1. Computing

Refinements: The End of Monkey Patching


Updated December 08, 2010

Ruby is an extremely flexible language. It's a truly object oriented language, meaning everything is an object that responds to messages. It's also an open language, meaning you can not only add new methods to any class, but replace any method in any class. This has led to something that's at once great, and terrible: monkey patching.

"Monkey patching" is the act of modifying any of the base Ruby classes to do something clever, useful, correctly or just differently. It can lead to a lot of meta-language type code, and is one of the things that makes Ruby so fun. But it's dangerous. What if you change a method that a certain gem uses? You can either outright break it, or break it in some way that's so subtle, it'll take you a week to figure it out.

So what to do about this? A proposed feature called "refinements" will attempt to fix this. A refinement is, simply put, the monkey patch as a formal language feature that you can turn on or off at will. When you want to use the monkey patch, you can say "Ruby, I'd like to use this monkey patch in the following code, but don't let any code that isn't expecting the monkey patch use it." It's a clean solution to the problem, you can continue monkey patching all you want and not have to worry about breaking anything.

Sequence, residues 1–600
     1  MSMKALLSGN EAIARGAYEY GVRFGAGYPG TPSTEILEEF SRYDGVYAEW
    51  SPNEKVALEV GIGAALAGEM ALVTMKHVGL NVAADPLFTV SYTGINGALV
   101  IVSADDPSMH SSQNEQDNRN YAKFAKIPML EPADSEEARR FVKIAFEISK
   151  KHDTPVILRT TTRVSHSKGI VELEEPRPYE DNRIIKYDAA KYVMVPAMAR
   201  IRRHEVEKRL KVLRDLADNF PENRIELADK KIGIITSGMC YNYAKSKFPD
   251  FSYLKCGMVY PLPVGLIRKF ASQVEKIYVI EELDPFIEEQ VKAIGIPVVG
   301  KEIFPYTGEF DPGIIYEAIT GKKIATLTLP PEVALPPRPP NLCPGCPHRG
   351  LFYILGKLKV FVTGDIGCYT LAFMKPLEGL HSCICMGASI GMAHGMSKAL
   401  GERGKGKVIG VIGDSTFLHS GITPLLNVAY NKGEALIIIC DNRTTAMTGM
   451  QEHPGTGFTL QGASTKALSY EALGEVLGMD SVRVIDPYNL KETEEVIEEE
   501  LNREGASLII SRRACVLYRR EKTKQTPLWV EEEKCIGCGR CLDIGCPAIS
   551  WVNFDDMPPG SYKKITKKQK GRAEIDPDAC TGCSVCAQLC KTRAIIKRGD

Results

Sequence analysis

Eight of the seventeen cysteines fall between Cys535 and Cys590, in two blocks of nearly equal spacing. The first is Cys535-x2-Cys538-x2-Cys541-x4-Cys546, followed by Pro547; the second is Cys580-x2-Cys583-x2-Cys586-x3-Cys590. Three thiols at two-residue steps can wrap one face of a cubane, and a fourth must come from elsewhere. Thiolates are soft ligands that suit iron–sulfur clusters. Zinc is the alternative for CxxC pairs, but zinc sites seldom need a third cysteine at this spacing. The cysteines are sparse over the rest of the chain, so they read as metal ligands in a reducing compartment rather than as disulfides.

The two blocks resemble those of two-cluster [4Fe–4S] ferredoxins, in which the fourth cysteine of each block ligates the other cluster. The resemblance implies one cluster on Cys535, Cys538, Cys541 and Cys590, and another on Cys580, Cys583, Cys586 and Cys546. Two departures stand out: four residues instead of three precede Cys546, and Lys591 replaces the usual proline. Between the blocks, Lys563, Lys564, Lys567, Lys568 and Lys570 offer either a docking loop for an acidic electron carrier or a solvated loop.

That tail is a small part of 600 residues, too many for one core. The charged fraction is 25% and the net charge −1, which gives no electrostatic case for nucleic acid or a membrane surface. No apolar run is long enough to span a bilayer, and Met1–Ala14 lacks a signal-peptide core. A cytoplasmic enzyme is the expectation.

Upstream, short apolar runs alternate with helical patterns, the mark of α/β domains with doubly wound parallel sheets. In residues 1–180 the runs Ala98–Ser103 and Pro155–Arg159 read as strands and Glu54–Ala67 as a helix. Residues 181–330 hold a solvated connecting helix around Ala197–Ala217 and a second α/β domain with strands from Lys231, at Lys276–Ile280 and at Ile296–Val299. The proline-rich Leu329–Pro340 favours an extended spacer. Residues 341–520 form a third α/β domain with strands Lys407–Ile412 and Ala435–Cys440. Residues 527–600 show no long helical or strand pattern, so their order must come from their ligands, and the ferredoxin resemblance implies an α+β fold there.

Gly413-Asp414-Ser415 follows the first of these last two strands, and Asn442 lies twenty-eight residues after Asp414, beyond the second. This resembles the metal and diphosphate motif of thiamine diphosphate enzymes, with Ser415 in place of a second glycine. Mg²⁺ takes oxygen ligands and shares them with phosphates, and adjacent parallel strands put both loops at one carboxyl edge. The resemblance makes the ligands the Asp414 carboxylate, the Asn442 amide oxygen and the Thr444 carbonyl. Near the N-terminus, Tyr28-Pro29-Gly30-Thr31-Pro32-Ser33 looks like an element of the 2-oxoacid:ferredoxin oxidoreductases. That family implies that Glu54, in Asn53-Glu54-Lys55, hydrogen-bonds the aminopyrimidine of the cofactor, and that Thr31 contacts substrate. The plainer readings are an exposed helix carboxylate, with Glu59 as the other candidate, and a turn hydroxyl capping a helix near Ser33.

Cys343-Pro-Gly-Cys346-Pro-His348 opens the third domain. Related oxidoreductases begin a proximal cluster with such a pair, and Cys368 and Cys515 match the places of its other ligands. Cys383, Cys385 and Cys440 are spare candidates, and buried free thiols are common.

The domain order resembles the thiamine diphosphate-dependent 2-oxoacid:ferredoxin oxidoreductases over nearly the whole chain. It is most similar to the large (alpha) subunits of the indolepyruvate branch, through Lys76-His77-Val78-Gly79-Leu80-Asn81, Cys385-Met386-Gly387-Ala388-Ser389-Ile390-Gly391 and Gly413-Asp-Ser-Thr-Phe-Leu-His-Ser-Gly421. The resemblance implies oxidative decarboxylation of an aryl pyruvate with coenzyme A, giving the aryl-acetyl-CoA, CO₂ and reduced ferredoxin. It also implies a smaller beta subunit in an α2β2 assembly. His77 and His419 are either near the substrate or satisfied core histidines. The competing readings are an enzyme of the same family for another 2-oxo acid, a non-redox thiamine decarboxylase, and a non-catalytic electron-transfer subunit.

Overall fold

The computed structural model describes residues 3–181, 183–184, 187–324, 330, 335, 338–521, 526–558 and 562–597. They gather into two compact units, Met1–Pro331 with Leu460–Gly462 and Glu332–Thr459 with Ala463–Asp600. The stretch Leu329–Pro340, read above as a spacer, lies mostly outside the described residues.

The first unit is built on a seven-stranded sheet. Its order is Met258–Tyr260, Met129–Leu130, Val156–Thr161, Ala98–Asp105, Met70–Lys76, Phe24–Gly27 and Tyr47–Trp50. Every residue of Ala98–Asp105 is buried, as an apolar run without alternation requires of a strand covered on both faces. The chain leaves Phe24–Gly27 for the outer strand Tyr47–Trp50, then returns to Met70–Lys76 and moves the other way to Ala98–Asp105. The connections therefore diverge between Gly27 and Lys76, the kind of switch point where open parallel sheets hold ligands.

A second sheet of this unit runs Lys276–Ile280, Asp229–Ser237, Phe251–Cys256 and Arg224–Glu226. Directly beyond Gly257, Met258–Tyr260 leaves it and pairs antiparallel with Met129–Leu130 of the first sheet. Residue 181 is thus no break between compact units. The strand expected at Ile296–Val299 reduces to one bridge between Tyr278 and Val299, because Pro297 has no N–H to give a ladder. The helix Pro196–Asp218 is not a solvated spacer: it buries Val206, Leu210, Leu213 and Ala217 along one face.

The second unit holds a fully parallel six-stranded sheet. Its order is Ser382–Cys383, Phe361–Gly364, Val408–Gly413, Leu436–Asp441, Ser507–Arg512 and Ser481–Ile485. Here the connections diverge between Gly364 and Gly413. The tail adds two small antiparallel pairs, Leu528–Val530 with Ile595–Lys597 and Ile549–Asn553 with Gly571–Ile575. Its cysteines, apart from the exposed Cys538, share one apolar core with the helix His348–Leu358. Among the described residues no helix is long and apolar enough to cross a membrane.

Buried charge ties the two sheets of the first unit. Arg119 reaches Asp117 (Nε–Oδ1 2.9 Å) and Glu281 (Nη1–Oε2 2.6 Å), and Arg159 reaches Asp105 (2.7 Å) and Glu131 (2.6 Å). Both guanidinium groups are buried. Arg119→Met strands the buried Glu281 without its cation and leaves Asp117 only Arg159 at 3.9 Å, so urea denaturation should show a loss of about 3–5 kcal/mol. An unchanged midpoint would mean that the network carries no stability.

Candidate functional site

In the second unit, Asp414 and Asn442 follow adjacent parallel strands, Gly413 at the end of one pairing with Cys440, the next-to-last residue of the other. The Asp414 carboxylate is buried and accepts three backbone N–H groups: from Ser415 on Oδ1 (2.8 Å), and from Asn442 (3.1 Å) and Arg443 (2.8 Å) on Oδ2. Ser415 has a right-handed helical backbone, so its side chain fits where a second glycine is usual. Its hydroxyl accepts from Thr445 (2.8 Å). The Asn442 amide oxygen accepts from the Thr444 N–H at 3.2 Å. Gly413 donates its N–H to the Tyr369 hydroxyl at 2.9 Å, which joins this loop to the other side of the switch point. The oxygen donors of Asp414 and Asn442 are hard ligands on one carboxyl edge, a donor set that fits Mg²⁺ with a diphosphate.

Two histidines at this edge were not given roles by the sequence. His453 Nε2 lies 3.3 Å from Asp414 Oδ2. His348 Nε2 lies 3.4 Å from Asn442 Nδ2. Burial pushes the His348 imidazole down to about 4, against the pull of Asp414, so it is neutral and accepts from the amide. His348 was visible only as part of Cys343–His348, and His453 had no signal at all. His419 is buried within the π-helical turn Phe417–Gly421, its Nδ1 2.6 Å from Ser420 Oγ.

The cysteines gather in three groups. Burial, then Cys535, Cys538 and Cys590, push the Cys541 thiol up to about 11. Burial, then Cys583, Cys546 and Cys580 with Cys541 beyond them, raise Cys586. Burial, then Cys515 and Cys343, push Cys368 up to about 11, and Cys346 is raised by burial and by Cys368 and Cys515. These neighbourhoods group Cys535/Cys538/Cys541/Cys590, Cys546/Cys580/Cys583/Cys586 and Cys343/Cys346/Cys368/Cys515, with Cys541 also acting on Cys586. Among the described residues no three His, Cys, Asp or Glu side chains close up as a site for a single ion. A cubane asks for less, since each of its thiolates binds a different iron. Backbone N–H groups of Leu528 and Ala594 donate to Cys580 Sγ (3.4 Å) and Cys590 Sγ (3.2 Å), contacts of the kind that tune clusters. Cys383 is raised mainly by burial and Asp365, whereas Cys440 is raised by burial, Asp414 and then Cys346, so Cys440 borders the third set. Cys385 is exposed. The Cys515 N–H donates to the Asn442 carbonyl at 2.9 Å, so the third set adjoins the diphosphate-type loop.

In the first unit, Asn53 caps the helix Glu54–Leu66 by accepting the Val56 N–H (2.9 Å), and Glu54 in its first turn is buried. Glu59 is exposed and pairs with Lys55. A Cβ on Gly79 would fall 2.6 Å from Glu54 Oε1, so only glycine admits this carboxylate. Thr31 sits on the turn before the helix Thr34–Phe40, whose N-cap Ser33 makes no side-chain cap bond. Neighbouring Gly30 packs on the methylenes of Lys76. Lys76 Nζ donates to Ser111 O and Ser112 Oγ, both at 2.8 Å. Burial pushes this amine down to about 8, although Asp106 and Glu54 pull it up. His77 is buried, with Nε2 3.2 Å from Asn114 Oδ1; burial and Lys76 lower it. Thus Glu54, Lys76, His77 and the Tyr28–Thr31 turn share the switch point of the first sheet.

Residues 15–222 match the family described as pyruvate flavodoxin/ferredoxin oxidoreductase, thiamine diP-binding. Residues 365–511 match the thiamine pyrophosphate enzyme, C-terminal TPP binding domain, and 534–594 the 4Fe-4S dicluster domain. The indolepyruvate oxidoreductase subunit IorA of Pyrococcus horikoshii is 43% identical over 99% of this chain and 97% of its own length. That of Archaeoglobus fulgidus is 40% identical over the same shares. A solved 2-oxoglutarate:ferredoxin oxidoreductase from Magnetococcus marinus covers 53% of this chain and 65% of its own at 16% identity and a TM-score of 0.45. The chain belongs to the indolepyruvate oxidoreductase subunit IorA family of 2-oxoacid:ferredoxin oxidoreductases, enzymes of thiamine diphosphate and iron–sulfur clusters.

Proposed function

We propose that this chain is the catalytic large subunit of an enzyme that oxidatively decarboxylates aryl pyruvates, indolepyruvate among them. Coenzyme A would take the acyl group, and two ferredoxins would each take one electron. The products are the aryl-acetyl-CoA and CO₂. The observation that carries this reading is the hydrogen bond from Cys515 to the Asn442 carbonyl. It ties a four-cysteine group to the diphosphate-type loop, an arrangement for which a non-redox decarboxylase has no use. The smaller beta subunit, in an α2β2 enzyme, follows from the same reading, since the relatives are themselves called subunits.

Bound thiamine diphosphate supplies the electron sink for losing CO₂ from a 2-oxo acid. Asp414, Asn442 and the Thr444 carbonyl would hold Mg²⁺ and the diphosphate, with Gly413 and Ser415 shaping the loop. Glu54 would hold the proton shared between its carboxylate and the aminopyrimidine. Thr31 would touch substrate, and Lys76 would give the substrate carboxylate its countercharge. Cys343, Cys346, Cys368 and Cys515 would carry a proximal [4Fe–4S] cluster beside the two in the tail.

So what will the syntax of this look like? Well, it's just an idea right now, but the proposed syntax goes something like this.

module TimeRefinements
 refine Fixnum do
   def seconds; self; end
   def minutes; self * 60; end
   def hours; minutes * 60; end

# Later on
def some_method
 using TimeRefinements
 puts 60.minutes

# But this would cause a NoMethodError
puts 60.minutes

So when can you look forward to this feature? Well, Ruby 2.0 is some time off, and you probably won't see it until then. But it's on the horizon, and it's such a natural fit, it's hard to imagine this won't be in Ruby 2.0.

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